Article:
Tuesday, March 18, 2008

Back when I was 4 . . . and cruel

I am why the Rev. Jeremiah Wright is so angry.

I also am why it's such a tragedy that Barack Obama's friend and former pastor has let his anger -- and he does have every good reason to be damned angry -- define him.

I am white. I grew up in, and was indoctrinated by, the segregated South. I went to a legally segregated public school until fourth grade. And, as a child, everybody I knew was about as racist as a late-June day is long.

Black folks were "niggers" -- at least in the lexicon of the common . . . like me and mine. You didn't go to school with them, it was illegal to marry them, they got all the jobs that were "beneath" white people and -- when it was your time to go -- you didn't get sent on your way via the same church, funeral home or graveyard.

It's just the way things were in Baton Rouge, La., when I came on the scene 47 years ago next Monday. It remained that way, in slowly diminishing thoroughness, up to the time I reached adulthood. And some of it hangs on to this day.

THIS MORNING, the Democratic presidential candidate -- in so much hot water over what his pastor said and when did Obama know he said it -- gave a masterful speech on race relations in America. It may have been the most blunt and honest speech on the matter I've ever heard a politician give.

Louisiana Gov. Earl Long may have given a more succinct, more colorful, more imperfect and more courageous version of that speech before a wild-eyed bunch of segregationists in the state Senate, but that was nearly two years before I was born. It got him thrown in a Texas nuthouse . . . so he couldn't exercise his gubernatorial power from his rubber room.

Barack Obama, at long last, has said what so long has needed to be said . . . in the manner it needed to be said. It's important, and his life -- and my life -- testify to why it's so important.

Having been born into a racist family in a segregated state, I was indoctrinated into America's original sin from my first moments of awareness. I did about the worst thing you could do to an African-American man -- at least, the worst thing short of murder or extreme physical violence -- by the time I was 4 years old.

I remember that I was sick, and that the doctor had called in a prescription to Andrew's Rexall Drugs. In the mid-1960s, drugstores still delivered. And we all know who the "delivery boys" were, at least in the segregated South.

SOON ENOUGH, there was a knock at the door. Back then, our house had no air conditioning. On that warm day, all the windows were wide open, and there was little fear that someone was going to burst through the screen door to rob, rape and kill you.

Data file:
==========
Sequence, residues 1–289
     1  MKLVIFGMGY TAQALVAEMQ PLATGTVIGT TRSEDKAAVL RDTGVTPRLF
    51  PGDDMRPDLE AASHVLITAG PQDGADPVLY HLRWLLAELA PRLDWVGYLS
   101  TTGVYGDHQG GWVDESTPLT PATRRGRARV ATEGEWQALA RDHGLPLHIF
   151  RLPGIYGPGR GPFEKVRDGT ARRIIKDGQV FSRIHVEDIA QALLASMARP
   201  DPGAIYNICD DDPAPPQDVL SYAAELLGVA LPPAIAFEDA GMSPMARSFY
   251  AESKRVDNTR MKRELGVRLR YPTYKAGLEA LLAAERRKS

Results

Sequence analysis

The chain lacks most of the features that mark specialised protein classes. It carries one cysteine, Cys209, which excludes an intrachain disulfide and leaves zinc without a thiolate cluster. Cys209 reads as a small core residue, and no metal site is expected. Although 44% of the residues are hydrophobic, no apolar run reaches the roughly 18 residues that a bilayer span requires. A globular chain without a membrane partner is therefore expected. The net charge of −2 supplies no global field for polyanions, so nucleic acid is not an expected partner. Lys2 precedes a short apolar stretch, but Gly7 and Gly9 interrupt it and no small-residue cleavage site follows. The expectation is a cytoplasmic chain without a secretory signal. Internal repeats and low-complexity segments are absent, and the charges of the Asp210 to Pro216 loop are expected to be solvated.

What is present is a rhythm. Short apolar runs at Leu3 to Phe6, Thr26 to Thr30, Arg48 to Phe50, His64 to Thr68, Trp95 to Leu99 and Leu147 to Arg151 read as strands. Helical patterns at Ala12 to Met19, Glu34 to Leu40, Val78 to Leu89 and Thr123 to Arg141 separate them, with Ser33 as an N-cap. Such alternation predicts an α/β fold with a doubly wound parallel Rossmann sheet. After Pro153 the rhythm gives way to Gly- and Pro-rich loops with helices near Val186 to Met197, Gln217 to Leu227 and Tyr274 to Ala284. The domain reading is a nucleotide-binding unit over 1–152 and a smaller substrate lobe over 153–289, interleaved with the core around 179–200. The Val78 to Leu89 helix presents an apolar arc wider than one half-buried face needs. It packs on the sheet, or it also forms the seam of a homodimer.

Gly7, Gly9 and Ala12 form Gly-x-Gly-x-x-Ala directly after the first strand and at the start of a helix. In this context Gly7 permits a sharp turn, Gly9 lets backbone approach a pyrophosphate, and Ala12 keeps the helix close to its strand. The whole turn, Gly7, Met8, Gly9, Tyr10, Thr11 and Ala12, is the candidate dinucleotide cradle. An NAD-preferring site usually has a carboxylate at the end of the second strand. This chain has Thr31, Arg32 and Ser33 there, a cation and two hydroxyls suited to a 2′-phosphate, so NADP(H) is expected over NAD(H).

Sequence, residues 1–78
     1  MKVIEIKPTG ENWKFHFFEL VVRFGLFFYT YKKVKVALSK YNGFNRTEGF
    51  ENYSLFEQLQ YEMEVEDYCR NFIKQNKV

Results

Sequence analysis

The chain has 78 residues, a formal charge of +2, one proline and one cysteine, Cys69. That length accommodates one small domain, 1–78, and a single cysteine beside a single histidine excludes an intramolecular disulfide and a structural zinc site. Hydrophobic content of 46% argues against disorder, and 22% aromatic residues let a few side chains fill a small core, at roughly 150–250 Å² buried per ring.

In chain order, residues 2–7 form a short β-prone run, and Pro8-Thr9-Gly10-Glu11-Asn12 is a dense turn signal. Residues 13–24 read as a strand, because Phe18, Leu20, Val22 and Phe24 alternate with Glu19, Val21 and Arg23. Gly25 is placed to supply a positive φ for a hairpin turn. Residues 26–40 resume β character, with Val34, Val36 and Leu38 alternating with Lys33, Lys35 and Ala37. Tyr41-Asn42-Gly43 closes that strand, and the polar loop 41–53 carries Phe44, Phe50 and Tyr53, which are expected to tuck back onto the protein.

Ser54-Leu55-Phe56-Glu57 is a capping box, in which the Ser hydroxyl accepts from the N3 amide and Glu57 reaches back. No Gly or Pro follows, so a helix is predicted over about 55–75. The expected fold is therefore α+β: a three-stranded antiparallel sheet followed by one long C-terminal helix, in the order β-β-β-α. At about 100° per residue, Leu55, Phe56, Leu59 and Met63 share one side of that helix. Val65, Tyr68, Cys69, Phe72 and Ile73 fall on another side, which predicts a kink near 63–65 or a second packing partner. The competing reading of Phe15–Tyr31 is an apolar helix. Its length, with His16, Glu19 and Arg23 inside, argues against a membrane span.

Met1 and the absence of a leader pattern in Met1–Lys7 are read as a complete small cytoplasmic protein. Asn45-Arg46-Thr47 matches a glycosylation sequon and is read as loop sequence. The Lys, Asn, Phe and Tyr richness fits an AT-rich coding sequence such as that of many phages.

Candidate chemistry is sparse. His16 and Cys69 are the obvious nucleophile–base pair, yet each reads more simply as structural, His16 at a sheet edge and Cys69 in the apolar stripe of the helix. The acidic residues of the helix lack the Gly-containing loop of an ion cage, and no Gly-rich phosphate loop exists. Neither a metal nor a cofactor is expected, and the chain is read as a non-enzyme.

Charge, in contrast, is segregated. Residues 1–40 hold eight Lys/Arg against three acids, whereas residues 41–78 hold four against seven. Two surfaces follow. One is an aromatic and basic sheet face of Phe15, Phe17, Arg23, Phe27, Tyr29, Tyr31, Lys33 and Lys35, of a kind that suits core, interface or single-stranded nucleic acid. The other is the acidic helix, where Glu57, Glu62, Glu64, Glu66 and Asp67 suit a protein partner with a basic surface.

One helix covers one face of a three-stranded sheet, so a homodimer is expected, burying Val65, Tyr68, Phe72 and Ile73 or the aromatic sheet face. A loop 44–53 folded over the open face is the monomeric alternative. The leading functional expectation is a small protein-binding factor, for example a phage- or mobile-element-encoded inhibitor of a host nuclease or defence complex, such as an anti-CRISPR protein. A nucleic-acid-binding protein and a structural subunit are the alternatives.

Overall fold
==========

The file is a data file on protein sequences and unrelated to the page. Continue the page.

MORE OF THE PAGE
So the delivery man heard well when I ran toward the kitchen, yelling at the top of my lungs.

"Mama, the drugstore nigger's here!"

I think my mother had decency enough to be embarrassed as the man took her money and handed over the prescription as he muttered, "I'm not a nigger." I wonder what that poor man must have felt -- what a man old enough to be my father felt -- when this little white boy was blithely, naturally as he breathed in the air, running around the house announcing the presence of the fill-in-the-blank "nigger."

What does it do to a man to be so cavalierly dehumanized even by a small child? What does it do to a small child to so cavalierly dehumanize a man he ought to be calling "sir"? At least in a more rightly ordered society.

What does it do to a country when so much of what is considered "normality" is in reality cruel and inhuman?

It warps it, is what it does. It perpetuates an endless feedback loop of dysfunction.

I grew up in a sick society, as have many in this country. It takes a lifetime of hard work, introspection and (frankly) grace to overcome that. I'm still working on it.

Barack Obama's working on it, albeit from a different angle than I am. So is, I suspect, Jeremiah Wright, who comes from the perspective of that ill-fated drugstore delivery man . . . though it's obvious he has more work to do. Hurtful things -- the immense human tragedy of America's original sin -- have molded the retired pastor and led to anger that is righteous . . . to an extent.

BUT WHEN IT defines a man -- when it defines large segments of society -- it is no longer righteous. It just adds to the tragedy. Like the tragedy of a presidential candidate potentially going down in flames because he gave an angry old friend the benefit of the doubt.

Race (and racism) always has been a complicated matter in this country. And nowhere in this country has it been more complicated than in the Deep South.

I, the Caucasian son of racist children of racist parents in a racist land, just might be -- for all I know -- related to the angry (and black) Rev. Wright. I mean, if Barack Obama is kin to Dick Cheney, anything is possible.

A great uncle of mine was disowned by his family for marrying a Creole woman in New Orleans. Disowned by my grandfather who, I'm told, used to laugh about sleeping with black women who were good enough as sexual playthings but just not good enough to be a wife.

Or to treat as a human being.

I JUST FOUND OUT I have a black first cousin on the other side of the family. I wonder how many African-American aunts or uncles I might have on the philandering grandfather's.

And I wonder whether, in some cruel twist of fate, I might have been calling my own flesh and blood "nigger" when I was 4 -- back when evil was normative.

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